World War II Photographs from the Memorial Library Collection

Airfields, aircrafts, airmen and more: here is a sampling of just a few (there are many, many more!) of the photographs scanned from Tony North’s albums, mainly consisting of bomb groups stationed in the Norfolk area. Tony North was a longtime employee of the 2nd Air Division Memorial Library, who sadly recently passed away. He donated his collection of World War II-era photographs to the Memorial Library, photos that he personally amassed over many years from veterans, archives and other sources. Original notes written by Tony are included in the captions of certain photographs. To see a photo in greater detail, please click on it.

One comment I want to make about browsing through these albums is that I was struck by how many photos appeared alongside notes like ‘Lost during 113th mission,’ or ‘Crash during practice mission,’ or ‘Burnt-out wreckage after mid-air collision’. On and on and on, one after the other–I could have easily made a blog post consisting solely of photos of crashes or planes with crews that had been lost. It really drove home to me (in a way that maybe hadn’t been as concrete before) how truly dangerous these missions were, and the risks the men faced each and every time they took to the air. It’s lovely that resources like this exist in the Memorial Library collection, to make history come alive in a way that may otherwise not have been possible.

1

A 458th bomb group formation led by ‘SPOTTED APE’ over the western outskirts of Norwich. Eaton Park in centre of photo.

2

Wounded aircrew being removed from the 752nd B.S’s ‘LIBERTY LIB’ at Horsham.

'LASSIE COME HOME' crashed at Mile Cross, Norwich on 14th Jan. '45 on return from Hollendorf. Eight of the crew and two children were killed.

‘LASSIE COME HOME’ crashed at Mile Cross, Norwich on 14th Jan. ’45 on return from Hollendorf. Eight of the crew and two children were killed.

5

6

7

9

10

21

‘Pegasus’ of 784th B.S using parachutes from the waist windows after hydraulic failure.

22

B-24 H (42-61198) of the 785th B.S. caught fire on its hardstand due to an electrical fault 8 Nov ’44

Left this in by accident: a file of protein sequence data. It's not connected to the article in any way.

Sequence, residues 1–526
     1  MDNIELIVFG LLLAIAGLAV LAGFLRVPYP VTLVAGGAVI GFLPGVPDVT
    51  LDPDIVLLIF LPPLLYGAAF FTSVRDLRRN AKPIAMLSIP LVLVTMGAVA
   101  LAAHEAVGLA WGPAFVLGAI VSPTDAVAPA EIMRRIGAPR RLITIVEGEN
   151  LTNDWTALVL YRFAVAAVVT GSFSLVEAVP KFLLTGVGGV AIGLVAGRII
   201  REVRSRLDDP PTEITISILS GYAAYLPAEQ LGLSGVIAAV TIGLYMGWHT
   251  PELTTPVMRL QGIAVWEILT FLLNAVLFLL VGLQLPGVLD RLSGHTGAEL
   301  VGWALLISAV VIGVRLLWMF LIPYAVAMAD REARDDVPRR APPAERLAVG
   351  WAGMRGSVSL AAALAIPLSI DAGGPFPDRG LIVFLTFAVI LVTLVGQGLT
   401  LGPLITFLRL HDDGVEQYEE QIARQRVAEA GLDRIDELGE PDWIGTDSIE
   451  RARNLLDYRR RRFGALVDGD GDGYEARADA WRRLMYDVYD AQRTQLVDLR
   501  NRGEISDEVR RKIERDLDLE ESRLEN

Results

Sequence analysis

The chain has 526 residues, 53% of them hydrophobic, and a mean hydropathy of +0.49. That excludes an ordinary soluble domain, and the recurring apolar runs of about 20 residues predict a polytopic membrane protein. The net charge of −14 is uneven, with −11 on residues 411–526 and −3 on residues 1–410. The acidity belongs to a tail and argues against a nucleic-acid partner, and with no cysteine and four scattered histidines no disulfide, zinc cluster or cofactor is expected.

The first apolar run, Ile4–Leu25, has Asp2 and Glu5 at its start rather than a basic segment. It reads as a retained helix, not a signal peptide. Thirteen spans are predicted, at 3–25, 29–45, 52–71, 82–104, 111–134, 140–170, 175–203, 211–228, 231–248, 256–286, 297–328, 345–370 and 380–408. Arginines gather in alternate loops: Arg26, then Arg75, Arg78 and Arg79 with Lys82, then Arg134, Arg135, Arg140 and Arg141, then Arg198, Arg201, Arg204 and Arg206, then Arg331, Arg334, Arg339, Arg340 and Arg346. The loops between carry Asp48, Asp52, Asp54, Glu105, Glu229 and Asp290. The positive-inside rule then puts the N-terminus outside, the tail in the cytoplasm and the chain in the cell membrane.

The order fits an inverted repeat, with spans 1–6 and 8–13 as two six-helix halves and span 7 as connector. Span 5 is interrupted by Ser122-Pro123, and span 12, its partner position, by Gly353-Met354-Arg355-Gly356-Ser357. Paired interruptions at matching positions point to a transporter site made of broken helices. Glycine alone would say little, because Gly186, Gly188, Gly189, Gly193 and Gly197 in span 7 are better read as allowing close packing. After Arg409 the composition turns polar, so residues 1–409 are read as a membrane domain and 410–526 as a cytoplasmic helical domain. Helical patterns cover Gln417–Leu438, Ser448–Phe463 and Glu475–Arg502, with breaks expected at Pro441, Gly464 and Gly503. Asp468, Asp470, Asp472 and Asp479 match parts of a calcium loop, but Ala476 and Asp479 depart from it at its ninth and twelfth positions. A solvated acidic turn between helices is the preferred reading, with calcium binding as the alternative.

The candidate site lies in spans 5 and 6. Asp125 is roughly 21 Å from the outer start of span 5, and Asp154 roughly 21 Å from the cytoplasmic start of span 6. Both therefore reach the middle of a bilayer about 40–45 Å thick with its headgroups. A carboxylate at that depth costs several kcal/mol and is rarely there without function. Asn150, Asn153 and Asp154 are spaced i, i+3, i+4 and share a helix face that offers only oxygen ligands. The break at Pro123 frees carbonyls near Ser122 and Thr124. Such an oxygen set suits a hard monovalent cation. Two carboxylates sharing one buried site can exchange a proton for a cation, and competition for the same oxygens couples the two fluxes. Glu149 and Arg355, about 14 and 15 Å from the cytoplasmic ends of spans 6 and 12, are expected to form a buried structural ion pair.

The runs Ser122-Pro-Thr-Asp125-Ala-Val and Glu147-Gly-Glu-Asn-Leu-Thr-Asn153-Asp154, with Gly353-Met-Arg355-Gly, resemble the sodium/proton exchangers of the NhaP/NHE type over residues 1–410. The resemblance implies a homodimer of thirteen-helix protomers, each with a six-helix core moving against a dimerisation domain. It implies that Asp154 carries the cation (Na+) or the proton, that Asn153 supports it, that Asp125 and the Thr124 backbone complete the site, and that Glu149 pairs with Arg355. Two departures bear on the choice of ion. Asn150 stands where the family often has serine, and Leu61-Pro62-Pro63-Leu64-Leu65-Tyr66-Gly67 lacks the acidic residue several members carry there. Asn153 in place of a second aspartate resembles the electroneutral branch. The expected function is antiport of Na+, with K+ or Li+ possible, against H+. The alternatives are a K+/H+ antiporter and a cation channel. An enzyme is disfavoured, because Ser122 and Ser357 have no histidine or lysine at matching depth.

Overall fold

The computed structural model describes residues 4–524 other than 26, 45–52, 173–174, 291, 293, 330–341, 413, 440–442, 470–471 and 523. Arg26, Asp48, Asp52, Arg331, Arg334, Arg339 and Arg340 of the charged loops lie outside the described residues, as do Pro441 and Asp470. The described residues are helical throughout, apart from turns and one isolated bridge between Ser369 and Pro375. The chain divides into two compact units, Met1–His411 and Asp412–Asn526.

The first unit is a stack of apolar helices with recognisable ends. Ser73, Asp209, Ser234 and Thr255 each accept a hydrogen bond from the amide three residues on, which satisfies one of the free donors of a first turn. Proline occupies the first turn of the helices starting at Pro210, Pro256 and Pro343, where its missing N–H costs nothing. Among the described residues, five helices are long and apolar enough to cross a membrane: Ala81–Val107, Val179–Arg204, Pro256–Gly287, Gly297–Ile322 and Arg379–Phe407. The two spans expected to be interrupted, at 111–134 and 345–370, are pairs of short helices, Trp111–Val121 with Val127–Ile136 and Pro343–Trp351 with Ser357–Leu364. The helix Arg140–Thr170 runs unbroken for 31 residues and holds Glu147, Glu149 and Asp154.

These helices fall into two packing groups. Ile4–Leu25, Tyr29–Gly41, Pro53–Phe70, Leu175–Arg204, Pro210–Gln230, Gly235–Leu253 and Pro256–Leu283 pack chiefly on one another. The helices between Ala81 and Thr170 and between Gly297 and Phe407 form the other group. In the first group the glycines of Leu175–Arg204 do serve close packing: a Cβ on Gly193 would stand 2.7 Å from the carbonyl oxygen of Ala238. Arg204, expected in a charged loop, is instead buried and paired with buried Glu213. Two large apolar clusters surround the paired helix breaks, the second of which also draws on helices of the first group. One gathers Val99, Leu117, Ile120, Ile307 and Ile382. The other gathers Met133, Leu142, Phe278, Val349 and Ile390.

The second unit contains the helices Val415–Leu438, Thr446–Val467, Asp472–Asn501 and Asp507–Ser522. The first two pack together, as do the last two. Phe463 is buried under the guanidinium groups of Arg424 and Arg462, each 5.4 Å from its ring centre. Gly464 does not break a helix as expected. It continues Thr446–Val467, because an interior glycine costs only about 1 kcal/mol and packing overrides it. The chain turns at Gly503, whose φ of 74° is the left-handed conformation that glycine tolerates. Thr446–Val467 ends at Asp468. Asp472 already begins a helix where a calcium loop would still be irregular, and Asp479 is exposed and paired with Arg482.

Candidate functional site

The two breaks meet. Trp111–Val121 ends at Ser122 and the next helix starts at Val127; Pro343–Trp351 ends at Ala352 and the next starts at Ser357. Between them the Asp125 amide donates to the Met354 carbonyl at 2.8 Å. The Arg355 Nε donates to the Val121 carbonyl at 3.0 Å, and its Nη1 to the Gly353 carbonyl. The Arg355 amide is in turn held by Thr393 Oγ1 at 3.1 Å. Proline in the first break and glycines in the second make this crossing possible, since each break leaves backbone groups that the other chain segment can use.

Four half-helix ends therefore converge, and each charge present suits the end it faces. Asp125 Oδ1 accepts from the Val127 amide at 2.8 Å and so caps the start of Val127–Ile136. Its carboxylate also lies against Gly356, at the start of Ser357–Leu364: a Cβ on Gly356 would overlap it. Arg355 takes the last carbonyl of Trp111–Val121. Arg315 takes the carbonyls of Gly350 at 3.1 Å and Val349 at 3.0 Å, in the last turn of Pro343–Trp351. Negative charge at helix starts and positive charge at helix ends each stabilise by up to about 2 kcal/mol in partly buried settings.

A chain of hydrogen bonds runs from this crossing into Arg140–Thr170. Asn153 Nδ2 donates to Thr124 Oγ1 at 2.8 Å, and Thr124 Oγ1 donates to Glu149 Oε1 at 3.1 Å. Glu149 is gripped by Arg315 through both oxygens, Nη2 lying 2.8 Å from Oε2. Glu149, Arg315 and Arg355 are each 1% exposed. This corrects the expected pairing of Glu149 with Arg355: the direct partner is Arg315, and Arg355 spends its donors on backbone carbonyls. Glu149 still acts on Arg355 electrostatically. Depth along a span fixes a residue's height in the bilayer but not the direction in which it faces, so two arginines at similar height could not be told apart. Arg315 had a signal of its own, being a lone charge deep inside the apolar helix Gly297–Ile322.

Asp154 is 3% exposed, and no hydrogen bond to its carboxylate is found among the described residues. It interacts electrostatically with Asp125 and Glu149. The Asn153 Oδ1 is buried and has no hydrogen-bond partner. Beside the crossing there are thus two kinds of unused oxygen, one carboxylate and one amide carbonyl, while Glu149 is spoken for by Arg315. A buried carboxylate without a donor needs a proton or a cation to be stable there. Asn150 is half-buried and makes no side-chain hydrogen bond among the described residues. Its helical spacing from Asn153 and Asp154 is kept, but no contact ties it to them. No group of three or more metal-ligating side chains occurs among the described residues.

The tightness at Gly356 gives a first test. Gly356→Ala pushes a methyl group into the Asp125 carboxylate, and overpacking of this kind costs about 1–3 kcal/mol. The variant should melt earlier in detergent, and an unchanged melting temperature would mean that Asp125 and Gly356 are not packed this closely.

17

One of the best known B-24s in the 2nd air division was ‘WITCHCRAFT’, a B-24H (42-52534) from the 790th B.S. which completed a record 130 missions without an abort.

12

The crew await take-off instructions in front of B-24J (42-50768).

Crew members of 'QUEENIE' a 735th B.S. B-24H (41-28631) inspect the damage caused by a direct flak hit during a mission to V. weapons sites on the French coast on 20th April 19444.

Crew members of ‘QUEENIE’ a 735th B.S. B-24H (41-28631) inspect the damage caused by a direct flak hit during a mission to V. weapons sites on the French coast on 20th April 19444.

11

13

A 458th B.G. formation over the Norfolk countryside near Aylsham.

14

16

The 458th B.G.’s second assembly ship ‘SPOTTED APE’, a former 754th B.S. B-24H (41-28697)

18

19

B024H (42-94759) of the 84th B.S. (to 44th B.G.) (Note by Julie: this is one of the many photos of air crew posing with children, most likely from the local village. This was lovely photographic evidence of the bonds that arose between the soldiers and the locals, particularly among the children.)

20

German civilians examine the wreckage of B-24J (44-40132) from 859 B.S. shot down during a mission to Bernberg 7 Jul. ’44. (Note by Julie: this was one of the few photos I saw in the albums that had been taken in Germany. I wonder who took it?)

8

Civilian and R.A.F. personnel wave farewell to 44th B.G. aircraft departing from Valley, Anglesey home to the U.S.A. in May ’45.

4

The last B-24 to leave Horsham taxies away. June 1945

Leave a comment

Filed under Memorial Library, World War 2

Leave a Reply

Fill in your details below or click an icon to log in:

WordPress.com Logo

You are commenting using your WordPress.com account. Log Out /  Change )

Google photo

You are commenting using your Google account. Log Out /  Change )

Twitter picture

You are commenting using your Twitter account. Log Out /  Change )

Facebook photo

You are commenting using your Facebook account. Log Out /  Change )

Connecting to %s

This site uses Akismet to reduce spam. Learn how your comment data is processed.